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Are Culottes Revolutionary?



Hello TIA,

Our thanks again for all that you do to teach and inform.

1970s cuottes


A conservative culotte pattern from the '70s

I have noticed that some modest clothing manufacturers marketing to Christian families have been offering mid-calf length culottes and I've noticed that they are popular with some very conservative, non-denominational Christian women.

I remember these from forty to fifty years back, and I initially thought they were actually skirts with inverted "V" pleats in the front and the back. But, having two older sisters who made their own from sewing patterns, I discovered that they were really pants - sometimes being billed as "split skirts" or "pantskirts."

This was a clever case of fashion fraud in a way as they give the appearance of being skirts but aren't. I'm curious to know what your thoughts are as far as being suitable attire.

Looking back, I always wondered if this style was a way of making women in pants acceptable years ago. Ironically the word "culottes" is French for women's underwear - so it doesn't seem right to me. I want to offer good guidance to others.

     Regards,

     C.D.R.
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Dr. Horvat responds:

Hello C.D.R.,

Your question is quite interesting, and led me to research a bit about the history of culottes. I believe a brief overview will help you and others to understand the position a counter-revolutionary Catholic should take today about wearing them.

ancien regime sans culottes


A French noble in culottes, at right, a revolutionary sans-culotte; below, President Monroe still in culottes, standing

james monroe culottes
The French word culotte is a pair of trousers, generally knee-breeches that ended just below the knee, closed and fastened by buttons, strap or drawstring. It derived from the French word culot, meaning the lower-half of a thing, the lower garment of a man originally. The culottes entered the fashion scene in the Renaissance period among the upper classes, popularized in France during the reign of Henry II (1547-1559).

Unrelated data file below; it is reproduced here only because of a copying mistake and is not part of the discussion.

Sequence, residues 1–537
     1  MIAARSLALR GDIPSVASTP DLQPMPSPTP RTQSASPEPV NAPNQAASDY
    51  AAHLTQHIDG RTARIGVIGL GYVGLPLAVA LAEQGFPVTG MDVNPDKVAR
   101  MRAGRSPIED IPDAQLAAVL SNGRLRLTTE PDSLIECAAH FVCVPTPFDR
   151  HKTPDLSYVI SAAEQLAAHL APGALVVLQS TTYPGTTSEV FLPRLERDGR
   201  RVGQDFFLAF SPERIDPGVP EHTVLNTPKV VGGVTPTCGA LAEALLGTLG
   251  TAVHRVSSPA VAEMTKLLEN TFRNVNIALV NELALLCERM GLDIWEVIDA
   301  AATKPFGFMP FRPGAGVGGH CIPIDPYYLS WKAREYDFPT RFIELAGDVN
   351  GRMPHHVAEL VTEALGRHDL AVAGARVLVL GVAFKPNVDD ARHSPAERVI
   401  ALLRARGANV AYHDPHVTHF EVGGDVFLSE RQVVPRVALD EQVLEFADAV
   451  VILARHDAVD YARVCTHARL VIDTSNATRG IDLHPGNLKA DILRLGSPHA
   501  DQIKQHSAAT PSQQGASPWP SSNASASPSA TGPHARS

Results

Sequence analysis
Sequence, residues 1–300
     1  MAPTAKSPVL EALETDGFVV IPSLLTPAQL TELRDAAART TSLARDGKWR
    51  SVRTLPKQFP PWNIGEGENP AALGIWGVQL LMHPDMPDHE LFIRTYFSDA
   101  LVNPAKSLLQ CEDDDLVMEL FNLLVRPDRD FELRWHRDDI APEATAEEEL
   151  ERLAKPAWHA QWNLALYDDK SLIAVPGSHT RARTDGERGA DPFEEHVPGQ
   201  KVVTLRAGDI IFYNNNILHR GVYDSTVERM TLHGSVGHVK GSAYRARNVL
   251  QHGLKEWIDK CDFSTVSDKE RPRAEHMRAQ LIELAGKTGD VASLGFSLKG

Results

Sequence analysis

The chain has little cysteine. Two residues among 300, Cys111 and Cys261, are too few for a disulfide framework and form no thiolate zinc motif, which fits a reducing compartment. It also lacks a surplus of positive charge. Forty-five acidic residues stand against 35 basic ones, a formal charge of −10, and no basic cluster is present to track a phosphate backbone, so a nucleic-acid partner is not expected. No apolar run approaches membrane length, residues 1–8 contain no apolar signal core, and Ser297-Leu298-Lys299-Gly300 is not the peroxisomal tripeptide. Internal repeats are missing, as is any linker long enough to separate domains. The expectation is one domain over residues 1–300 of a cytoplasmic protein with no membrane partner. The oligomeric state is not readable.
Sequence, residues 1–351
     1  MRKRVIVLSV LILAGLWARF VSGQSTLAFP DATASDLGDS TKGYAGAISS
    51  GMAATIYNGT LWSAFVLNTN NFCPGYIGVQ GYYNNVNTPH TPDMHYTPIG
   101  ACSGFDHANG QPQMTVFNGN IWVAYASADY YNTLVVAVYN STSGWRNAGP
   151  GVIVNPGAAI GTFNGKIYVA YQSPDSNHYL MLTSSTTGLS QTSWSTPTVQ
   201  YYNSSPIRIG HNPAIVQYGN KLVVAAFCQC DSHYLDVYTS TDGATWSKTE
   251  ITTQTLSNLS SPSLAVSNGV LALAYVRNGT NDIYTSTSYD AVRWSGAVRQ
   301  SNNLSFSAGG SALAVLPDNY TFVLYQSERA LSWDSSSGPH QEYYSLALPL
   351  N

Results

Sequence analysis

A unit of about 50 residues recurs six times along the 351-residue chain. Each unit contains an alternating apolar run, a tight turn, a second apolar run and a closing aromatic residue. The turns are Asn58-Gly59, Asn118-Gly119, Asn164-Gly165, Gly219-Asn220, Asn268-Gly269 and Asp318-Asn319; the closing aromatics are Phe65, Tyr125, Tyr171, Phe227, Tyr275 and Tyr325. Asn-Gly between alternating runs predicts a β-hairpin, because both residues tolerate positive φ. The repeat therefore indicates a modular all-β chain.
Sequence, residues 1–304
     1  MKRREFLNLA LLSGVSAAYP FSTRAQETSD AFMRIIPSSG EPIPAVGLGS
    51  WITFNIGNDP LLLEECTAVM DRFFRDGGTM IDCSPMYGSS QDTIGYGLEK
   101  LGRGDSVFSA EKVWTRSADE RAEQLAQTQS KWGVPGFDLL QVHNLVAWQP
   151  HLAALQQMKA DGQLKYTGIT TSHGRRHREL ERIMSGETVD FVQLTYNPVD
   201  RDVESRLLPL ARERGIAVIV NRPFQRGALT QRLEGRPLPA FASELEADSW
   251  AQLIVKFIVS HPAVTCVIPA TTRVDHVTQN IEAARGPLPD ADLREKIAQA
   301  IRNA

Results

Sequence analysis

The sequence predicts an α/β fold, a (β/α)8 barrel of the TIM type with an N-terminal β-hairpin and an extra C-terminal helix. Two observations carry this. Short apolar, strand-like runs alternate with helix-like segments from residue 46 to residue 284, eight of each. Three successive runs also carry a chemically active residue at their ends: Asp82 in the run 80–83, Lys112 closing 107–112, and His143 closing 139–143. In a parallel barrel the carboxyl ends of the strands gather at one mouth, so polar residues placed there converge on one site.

In the Ancien Regime in France the use of culottes for men became generalized, with a certain convention for their use. The nobles used their culottes with white socks that came to their knees; those with enough money to wear good clothes but who were not noble wore darker color culottes with black socks. Those who were poor did not use culottes and were called the sans-culottes (without culottes).

The French Revolution of 1789, which was against any kind of nobility, exalted the class of the sans-culottes as a social ideal and vilified all inequalities. That new model of revolutionaries rejected what they considered aristocratic apparel and wore simple trousers to express their egalitarian stance. The sans-culottes sent the nobles and many bourgeois to the guillotine not for their clothing, but out of hatred for their social status and the medieval Catholic structure of society.

Culottes for men, however, remained a distinguished item of dress until the end of the 18th century. In the United States, for example, the first five Presidents, from George Washington through James Monroe, wore culottes. Culottes were also a common part of the distinguished military uniforms during the time of the European wars.

Culottes for women

The revolutionary history of culottes for women began in the Victorian era when they were adopted by those who wanted to be freer to ride horses straddle back and the fashionable new bicycles. Although these first culottes were floor length skirts with the leg split fully disguised to look like a regular skirt, its purpose was clear: to make women feel more like men when wearing them.

elsa culottes


Elsa Schiaparelli shocked the fashion world with her daring split pants in 1931

It is difficult for me to believe that women could not have worn regular long skirts for riding and cycling, especially since there were special side saddles for women and bicycles designed for women wearing skirts. So, there was no practical reason for the change. The culotte was introduced to promote equality with men. From its first introduction into women's clothing, this garment was a compromise – pants that looked like a skirt, satisfying the status quo as it introduced the idea that women, to be free, had to have clothing more like those of a man.

It was not long before culottes took on the shape of split pants; they became shorter and without the concealing pleats. Italian born designer Elsa Schiaparelli, separated from her French Count husband and living in Paris, appeared in 1931 during a trip to London in a pair of culottes she had designed.

She made no attempt to hide what culottes really are: pants for women. The British press tore Schiaparell’s design apart, calling them “manly, with hints of lesbianism.” The French threatened to arrest any woman wearing such culottes in public.